A Torah scroll, tefillin, or mezuzah that was written on parchment from a non-kosher animal, beast, or fowl, or on parchment that was not processed [properly, is not acceptable]. [Similarly,] a Torah scroll or tefillin that was written on parchment that was not processed with the intent to use it for these sacred purposes is not acceptable.
When a person writes a Torah scroll, tefillin, or mezuzah without having [the proper] intention, should he write one of God's names without the desired intent, they are not acceptable.
Therefore, when a person is writing God's name, he should not reply even if the king of Israel greets him. If he is writing two or three names, he may interrupt between them and reply.
[When a scribe] dips his pen [in ink] to write God's name, he should not begin [writing] one of the letters of God's name. Rather, he should begin with the letter preceding [God's name].
If [a scribe] forgot to write God's name in its entirety, he may insert it in between the lines. It is, however, unacceptable to have a portion of God's name on the line and a portion inserted [between the lines]. With regard to other words, if one forgets, one may write half the word on the line and half above the line.
When does the above apply? With regard to a Torah scroll. In contrast, with regard to tefillin and mezuzot, one should not insert even one letter [between the lines]. Rather, if one forgets even one letter, one should entomb what one has written and write another one.
It is permitted to write God's name on [parchment where letters] have been scraped off or rubbed out on all [of these sacred articles].
Scribes who write Torah scrolls, tefillin, and mezuzot may not turn the parchment face down. Rather, they should spread a cloth over them or fold them.
[The following rule applies when] a scribe who wrote a Torah scroll, tefillin, or mezuzah states: "I did not write the names of God with the proper intent." Once they have left his hand, his statements are not believed with regard to the disqualification of the scroll. They are, however, accepted to the extent that he must forfeit his entire wage.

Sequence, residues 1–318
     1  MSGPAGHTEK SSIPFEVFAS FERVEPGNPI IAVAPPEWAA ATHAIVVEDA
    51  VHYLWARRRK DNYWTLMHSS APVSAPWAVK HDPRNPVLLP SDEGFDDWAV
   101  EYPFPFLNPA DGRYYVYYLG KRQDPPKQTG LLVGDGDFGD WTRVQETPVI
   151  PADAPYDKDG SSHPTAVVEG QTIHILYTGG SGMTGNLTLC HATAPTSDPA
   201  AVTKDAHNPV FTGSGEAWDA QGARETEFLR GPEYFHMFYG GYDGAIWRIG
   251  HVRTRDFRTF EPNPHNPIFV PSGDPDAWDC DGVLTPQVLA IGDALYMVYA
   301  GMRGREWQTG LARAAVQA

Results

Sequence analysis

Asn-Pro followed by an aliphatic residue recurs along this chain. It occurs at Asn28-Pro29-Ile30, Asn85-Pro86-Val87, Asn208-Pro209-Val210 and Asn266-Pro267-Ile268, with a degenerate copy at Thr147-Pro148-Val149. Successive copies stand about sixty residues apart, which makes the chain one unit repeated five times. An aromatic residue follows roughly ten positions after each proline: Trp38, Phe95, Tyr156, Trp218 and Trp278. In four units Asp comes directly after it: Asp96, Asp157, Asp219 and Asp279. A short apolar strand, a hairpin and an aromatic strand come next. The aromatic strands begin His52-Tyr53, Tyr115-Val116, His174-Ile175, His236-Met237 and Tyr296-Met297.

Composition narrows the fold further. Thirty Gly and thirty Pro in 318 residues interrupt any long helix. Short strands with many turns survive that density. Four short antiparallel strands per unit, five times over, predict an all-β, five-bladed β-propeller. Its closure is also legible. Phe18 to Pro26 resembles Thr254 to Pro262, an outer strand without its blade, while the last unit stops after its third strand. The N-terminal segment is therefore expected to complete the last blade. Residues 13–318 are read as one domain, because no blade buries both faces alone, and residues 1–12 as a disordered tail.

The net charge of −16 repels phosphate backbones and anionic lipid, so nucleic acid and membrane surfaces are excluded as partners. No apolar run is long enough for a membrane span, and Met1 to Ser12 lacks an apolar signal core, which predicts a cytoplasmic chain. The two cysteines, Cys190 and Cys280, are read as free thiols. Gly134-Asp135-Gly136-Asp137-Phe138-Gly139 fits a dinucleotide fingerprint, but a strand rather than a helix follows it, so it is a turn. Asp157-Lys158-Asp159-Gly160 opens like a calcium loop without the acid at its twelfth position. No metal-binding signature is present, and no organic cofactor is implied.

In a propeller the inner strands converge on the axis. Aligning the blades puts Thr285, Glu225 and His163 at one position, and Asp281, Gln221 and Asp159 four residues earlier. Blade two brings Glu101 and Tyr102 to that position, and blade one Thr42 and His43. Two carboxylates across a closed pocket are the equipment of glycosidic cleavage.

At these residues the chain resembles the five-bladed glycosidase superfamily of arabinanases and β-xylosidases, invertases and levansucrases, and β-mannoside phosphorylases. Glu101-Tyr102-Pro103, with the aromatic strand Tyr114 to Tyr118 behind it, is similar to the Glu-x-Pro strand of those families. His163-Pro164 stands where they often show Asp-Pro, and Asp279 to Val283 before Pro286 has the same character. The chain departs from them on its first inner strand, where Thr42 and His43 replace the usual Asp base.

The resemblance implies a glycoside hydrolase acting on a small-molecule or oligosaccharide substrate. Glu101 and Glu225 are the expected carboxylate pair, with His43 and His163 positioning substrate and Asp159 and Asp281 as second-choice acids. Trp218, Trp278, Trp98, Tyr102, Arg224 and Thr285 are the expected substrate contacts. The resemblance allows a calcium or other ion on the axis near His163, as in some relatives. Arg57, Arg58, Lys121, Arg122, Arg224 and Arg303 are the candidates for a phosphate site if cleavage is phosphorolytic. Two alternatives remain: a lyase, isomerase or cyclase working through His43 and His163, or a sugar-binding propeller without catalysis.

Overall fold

Why isn't he believed with regard to the disqualification of the scroll? Because it is possible that he wanted to cause a loss to the purchaser or to the person who hired him, thinking that with this statement all that he would be required to forfeit would be the payment for the names of God.
Accordingly, were he to say that the parchment of this Torah scroll or tefillin was not processed with the proper intent in mind, his statements are accepted with regard to the disqualification of the sacred articles because, [by virtue of these statements,] he forfeits his entire wage. Everyone knows that if the parchments were not processed with the proper intent, he does not deserve any payment.
Tefillin and mezuzot may be written only in Assyrian script. Permission was granted to write Torah scrolls in Greek as well. That Greek language has, however, been forgotten from the world. It has been confused and has sunk into oblivion. Therefore, at present, all three sacred articles may be written using Assyrian script alone.
One must be precise while writing them, making sure that one letter does not become attached to another one, because any letter which is not surrounded by parchment on all four sides is unacceptable.
Any letter that cannot be read by a child who is neither wise nor foolish is not acceptable. Therefore, one must be careful with regard to the form of the letters, so that a yud will not resemble a vav, nor a vav a yud; a kaf should not resemble a beit, nor a beit a kaf; a dalet should not resemble a resh, nor a resh a dalet.
[The same applies in] other similar instances. [The text must be written in a manner] that a reader will be able to read without difficulty.
[The following rules apply to] parchment which has holes: One should not write over a hole. If, however, ink passes over the hole [without seeping through], the presence of the hole is of no consequence, and one may write upon it. Accordingly, if the skin of a fowl has been processed, it is permissible to write upon it.
[The following rules apply] when a parchment becomes perforated after it has been written on: If the perforation is within the inside of a letter - e.g., in the space inside a heh, inside amem, or inside any of the other letters - it is acceptable.
Despite the fact that a leg of a letter becomes perforated to the extent that it becomes separated [into two portions], it is acceptable if:
a) [the length of the leg] is equivalent to that of a small letter; and
b) the letter's [present form] does not resemble another letter.
If [the length of the leg] is not equivalent to that of a small letter, it is not acceptable.